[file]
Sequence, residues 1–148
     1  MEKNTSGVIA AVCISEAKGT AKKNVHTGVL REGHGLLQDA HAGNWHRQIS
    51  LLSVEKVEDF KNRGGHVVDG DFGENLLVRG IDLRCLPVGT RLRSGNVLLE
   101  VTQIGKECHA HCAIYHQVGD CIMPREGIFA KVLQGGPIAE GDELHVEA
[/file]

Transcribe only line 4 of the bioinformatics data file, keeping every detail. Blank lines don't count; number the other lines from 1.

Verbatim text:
   101  VTQIGKECHA HCAIYHQVGD CIMPREGIFA KVLQGGPIAE GDELHVEA